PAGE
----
Conserving Energy

February 22, 2018 by Elizabeth Howard

This February's unusually cool temperatures at the sanctuaries may help Monarchs conserve their limited energy supplies.

Monarchs are more active when it’s sunny and warm. Activity levels fall when it’s cool. Image courtesy of Ellen Sharp.


Greetings from Cerro Pelón

Ellen Sharp lives near Cerro Pelón Sanctuary and shares her close-up perspective of the season so far:

“Ever since February hit, the weather has turned uncharacteristically grey and cloudy. On many days, the monarchs have stayed huddled in their clusters. Although visitors leave muttering about their bad luck, personally, we’re a bit relieved.

“For most of November, December and January the weather was consistently clear and warm, and the monarchs took to the air in incredible orange spectacles almost every day. They poured down from their roosts on the slope of Cerro Pelón to fill the meadow called El Llano de Tres Gobernadores.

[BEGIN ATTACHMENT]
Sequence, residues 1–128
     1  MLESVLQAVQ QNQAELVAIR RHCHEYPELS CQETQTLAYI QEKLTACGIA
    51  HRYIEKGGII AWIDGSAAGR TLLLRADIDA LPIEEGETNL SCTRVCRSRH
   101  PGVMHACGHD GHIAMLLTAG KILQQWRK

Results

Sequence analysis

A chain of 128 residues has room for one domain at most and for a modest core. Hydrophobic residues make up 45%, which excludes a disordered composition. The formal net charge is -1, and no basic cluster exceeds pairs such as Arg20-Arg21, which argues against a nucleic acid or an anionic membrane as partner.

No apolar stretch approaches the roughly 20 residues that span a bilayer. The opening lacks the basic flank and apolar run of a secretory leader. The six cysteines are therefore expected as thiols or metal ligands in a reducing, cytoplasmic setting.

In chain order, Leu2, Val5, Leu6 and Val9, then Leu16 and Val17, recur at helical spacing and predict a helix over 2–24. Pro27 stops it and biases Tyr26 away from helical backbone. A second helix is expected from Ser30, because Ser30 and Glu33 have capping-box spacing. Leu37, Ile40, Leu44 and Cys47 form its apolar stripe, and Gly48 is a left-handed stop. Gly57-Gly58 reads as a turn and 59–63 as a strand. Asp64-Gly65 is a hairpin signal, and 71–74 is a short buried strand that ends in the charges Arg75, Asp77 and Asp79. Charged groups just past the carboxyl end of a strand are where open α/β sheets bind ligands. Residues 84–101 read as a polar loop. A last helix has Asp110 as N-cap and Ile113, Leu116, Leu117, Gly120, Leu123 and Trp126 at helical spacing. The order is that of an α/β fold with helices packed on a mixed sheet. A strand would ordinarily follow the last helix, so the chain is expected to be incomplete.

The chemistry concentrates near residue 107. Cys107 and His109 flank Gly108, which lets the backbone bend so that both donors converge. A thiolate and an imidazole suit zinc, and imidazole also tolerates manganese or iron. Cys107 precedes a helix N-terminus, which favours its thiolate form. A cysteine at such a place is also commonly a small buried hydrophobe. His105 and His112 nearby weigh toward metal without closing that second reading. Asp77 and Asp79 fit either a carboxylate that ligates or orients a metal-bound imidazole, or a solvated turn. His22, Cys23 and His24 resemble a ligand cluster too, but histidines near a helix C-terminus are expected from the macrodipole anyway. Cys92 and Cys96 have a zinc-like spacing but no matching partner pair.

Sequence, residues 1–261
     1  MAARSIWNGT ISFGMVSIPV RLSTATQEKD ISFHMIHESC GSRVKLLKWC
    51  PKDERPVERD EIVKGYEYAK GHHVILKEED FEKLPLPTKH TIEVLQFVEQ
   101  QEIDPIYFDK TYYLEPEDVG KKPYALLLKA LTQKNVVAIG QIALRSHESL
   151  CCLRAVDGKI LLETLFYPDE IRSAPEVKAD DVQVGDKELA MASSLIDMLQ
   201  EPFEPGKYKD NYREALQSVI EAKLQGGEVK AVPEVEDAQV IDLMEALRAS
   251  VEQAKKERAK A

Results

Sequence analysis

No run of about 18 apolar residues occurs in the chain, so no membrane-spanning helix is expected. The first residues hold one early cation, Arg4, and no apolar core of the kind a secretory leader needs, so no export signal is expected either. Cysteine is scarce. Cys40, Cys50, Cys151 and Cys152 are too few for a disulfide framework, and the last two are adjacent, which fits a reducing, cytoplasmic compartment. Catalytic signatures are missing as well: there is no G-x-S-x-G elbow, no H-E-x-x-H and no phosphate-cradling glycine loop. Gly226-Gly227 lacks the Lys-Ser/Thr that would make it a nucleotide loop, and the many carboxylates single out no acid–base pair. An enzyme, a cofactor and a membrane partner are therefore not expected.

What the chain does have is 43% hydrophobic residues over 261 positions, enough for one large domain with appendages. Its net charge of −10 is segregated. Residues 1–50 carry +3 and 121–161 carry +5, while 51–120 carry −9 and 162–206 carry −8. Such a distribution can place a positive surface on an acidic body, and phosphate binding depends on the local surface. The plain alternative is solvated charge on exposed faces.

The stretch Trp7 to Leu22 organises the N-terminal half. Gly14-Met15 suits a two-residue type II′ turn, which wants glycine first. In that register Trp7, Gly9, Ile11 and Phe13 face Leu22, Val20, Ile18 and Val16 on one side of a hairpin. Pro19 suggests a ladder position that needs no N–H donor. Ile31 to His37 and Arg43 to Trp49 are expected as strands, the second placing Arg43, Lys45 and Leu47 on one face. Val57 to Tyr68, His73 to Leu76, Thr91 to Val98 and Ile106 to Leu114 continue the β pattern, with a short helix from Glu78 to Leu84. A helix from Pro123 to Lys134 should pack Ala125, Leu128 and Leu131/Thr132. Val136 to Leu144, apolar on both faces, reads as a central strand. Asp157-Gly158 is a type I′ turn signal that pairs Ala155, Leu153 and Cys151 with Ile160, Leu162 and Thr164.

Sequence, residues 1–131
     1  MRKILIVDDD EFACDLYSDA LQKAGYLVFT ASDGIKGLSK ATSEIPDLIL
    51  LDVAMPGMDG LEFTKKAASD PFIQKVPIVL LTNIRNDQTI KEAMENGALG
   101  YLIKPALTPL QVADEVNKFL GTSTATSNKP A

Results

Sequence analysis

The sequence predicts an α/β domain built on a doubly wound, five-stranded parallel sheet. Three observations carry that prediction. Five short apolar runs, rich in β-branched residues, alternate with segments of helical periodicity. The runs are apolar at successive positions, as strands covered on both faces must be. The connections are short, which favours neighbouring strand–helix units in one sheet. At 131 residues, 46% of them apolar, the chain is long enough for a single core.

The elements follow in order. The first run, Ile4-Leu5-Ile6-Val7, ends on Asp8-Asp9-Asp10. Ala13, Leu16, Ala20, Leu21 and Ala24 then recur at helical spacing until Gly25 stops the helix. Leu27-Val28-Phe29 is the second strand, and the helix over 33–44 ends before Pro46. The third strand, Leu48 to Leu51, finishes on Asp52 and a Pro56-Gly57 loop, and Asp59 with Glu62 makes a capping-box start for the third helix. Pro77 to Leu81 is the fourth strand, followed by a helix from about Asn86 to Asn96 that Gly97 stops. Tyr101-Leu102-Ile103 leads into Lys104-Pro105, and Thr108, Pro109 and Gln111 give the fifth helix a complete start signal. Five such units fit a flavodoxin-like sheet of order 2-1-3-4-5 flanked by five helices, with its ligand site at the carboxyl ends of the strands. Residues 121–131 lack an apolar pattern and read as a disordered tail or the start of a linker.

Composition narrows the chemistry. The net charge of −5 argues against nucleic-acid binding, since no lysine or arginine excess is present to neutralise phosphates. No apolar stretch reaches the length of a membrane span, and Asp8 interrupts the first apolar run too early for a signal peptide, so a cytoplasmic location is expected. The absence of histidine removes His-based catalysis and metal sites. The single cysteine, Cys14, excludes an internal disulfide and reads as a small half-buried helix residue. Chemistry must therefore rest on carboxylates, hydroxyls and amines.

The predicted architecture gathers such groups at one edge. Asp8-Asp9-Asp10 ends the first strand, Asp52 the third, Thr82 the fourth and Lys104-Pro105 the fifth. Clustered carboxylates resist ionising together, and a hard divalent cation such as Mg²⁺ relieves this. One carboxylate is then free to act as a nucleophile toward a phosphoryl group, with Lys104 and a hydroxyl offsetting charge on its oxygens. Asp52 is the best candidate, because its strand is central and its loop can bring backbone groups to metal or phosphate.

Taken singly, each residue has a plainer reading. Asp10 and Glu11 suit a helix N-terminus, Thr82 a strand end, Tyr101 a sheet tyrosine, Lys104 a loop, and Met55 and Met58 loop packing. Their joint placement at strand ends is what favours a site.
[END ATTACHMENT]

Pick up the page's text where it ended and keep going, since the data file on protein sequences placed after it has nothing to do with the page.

“It was a crowd pleaser; many of the videos that we posted of this spectacle went viral. But behind our visual pleasure lay a niggling worry about the relationship between these energetic expenditures, available nectar sources and the long-term viability of the migration.” More…

Temperatures and Fat Reserves

Monarchs burn less energy when temperatures are cool. They arrive in Mexico with stored lipids. They can survive the winter without food by living off their fat reserves. This lipid graph shows how levels change during the overwintering months in Mexico. By late February, the butterflies’ fat reserves are about half gone. If it’s too warm during the winter, the butterflies can burn their stored fat too quickly.

The secret behind the monarch’s survival without food is the cool habitat it chooses in Mexico. “Cool temperatures in the forest slow down the monarchs’ metabolism so they can stay alive longer,” says Dr. Karen Oberhauser.